The longest game

Mar 20, 2011 by Vladimir Stankovic - Print
Vladimir Stankovic Veteran sportswriter and collaborator Vladimir Stankovic has been following the best basketball on the continent longer than almost anyone journalist, writing for decades about the sport in major publications in both Serbia and Spain. For the new 2010-11 season, he offers a blog that honors the history of European basketball - even while history keeps being made!

If the game between CSKA Moscow and Real Madrid played in Barcelona in 1969 was the longest European title game ever, including a couple of overtimes, what was the longest game of any kind ever in this competition? There is not precise answer to that question due to the lack of accurate documentation, but the semifinal duel between OKK Belgrade and Real Madrid played on March 21, 1965 in Belgrade, Serbia, is a strong candidate. It lasted 113 minutes with no overtime! The first half lasted for 47 minutes and the second one 66. In the end, OKK won by 113-96 but lost their two-game series, unable despite all "efforts" to overcome Real Madrid's advantage from the first game, 84-61. The Spanish team advanced to the finals that season and defeated CSKA Moscow in another two-game series -- a 76-62 win in Madrid and an 88-81 loss in Moscow -- for its sceond straight title.

The 1964-65 season is remembered for setting a few records in the competition. Radivoj Korac, the legendary left-handed scorer of OKK,scored 99 points against Alvik of Sweden. The first game between those two teams, 90-136, added up to 226 points total, while the 155 points by OKK in the second game was 11 larger than the Antwerpen mark set three years earlier against Celtic Dublin, 144-60. The Finnish team Kisa Tovarit scored 100 points against Real Madrid, but received 109. The bright side for the Finns: they still share the highest point total ever by a defeated team.

Three saints

But the record of records would happen in the semifinal between OKK Belgrade and Real Madrid. The benches were led by two men who would become great friends, both of whom would earn a spot in the Hall of Fame of European basketball. OKK was coached by Borislav Stankovic, the future Secretary General of FIBA, while Real Madrid was coached by Pedro Ferrandiz, who, decades later, would build the foundation that bears his name. The game would also have a "third man", also an important person in the history of this sport: Robert Busnel. The Frenchman, future FIBA president, was the table commissioner, a novelty that FIBA had just introduced due to complaints about several courts.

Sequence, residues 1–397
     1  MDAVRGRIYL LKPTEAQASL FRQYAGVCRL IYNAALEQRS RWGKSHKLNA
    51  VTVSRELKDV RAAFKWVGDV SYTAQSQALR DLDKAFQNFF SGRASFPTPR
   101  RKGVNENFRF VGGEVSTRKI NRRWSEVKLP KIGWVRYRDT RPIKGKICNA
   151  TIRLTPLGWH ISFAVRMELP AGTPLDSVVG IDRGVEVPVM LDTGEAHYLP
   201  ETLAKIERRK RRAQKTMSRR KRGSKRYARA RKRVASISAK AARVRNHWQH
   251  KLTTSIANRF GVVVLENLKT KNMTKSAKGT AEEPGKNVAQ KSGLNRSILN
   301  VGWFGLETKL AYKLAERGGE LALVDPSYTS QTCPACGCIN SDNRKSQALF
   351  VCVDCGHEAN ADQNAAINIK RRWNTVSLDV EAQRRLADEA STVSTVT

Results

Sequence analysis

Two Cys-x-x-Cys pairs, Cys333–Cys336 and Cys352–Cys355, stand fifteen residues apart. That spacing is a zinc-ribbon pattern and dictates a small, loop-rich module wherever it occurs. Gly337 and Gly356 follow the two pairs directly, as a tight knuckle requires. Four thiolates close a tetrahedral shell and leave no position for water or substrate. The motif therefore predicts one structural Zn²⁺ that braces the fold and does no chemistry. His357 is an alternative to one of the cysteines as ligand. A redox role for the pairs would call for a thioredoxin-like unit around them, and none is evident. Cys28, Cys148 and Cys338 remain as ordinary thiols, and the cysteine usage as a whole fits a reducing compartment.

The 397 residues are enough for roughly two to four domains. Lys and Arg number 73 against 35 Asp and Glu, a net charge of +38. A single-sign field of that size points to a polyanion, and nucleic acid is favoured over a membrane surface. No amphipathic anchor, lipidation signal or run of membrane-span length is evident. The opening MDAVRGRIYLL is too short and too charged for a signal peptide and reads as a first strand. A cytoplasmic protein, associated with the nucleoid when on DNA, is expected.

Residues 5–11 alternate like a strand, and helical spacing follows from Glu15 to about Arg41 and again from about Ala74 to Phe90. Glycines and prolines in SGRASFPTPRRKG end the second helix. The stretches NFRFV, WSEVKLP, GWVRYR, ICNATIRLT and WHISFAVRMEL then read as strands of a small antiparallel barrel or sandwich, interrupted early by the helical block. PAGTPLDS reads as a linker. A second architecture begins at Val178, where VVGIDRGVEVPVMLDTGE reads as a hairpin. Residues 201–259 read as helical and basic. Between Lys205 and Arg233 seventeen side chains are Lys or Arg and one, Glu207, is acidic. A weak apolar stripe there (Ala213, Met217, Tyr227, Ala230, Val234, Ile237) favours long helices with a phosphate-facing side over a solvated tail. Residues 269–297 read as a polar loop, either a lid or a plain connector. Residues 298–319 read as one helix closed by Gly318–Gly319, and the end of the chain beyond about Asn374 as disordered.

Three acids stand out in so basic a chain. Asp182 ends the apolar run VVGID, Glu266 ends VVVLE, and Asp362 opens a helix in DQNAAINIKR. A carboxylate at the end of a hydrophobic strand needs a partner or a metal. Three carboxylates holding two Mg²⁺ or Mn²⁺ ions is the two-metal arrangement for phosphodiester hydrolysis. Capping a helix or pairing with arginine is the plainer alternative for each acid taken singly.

In front of these "Three Saints" a not very sportsmanlike attempt took place, but due to the lack of evidence and, especially, because of the fact that Real Madrid finally advanced to the final, the issue went no further than some criticism in the Spanish press and the shy aknowledgement of the Belgrade press that "something happened with the official game clock". Real Madrid had won the first game, played on March 10 in Madrid in front of the future King of Spain, Juan Carlos I, by 84-61. Only six players scored: Bob Burges (24), Emiliano Rodriguez (18), Lolo Sainz (16), Carlos Sevillano (14), Cliford Luyk (11) and Moncho Monsalve (1). Real Madrid feared Radivoj Korac, but he scored 'only' 19 points, while their biggest problem that night was big man Trajko Rajkovic, who scored 29. Real Madrid reached Belgrade with a comfortable cushion of 23 points for the second game, but people of OKK truly believed that the deficit could be overcome. And aside from the tactical plan, they had a plan B.

The customized clock

Thanks to some trick, the official clock ticked away slower than normal. On first sight, everything seemed normal, but in reality, one minute would last almost double. At the halftime break, OKK Belgrade had managed to take a 45-32 lead, cutting the series deficit down to 10 points. Things looked even worse for the Real Madrid with an injury to Sevillano, who didn't even play in the second half. In minute 29, OKK Belgrade managed to up its lead to 20 points, 70-50. A few minutes later, Luyk and Sainz were out of the game due to respective fifth fouls. It was all up to Durand, Descartin, Rodriguez, Monsalve and Burges, the latter also being unable to finish the game. Two players that did not enjoy many minutes in that team had to step in, Jim Scott and Miguel Gonzalez. OKK tried to win by 24 in any way it could, but the goal was not accomplished even with the customized clock. Korac finished with 58 points, Nemanja Gordic added 18, Trajko Rajkovic 16. But the 25 points of Emiliano, 13 by Borges, 12 by Luyk, 11 by Sevillano, 7 by Monsalve, Descartin and Sainz, 6 by Durand and Scott and 2 by Gonzalez were enough for Real Madrid to survive the "never-ending game". Later, an analysis of the game proved that the first half lasted for 47 minutes and the second one 66. Pedro Ferrandiz, the Real Madrid coach, tells us about the game: "That very same day, the football team of Real Madrid was playing at home against Benfica in the European Cup. That game started a little later than ours but... they were done first!"

The Spanish press nicknamed the trick "The Yugoslav Minute", but in the end sports justice had prevailed: the better team reached the final and managed to defend its crown, becoming the first Western European team to do so after a seven-year dominance by Soviet teams. Borislav Stankovic and Pedro Ferrandiz still tease each other about the "never-ending game" today, 46 years after it took place.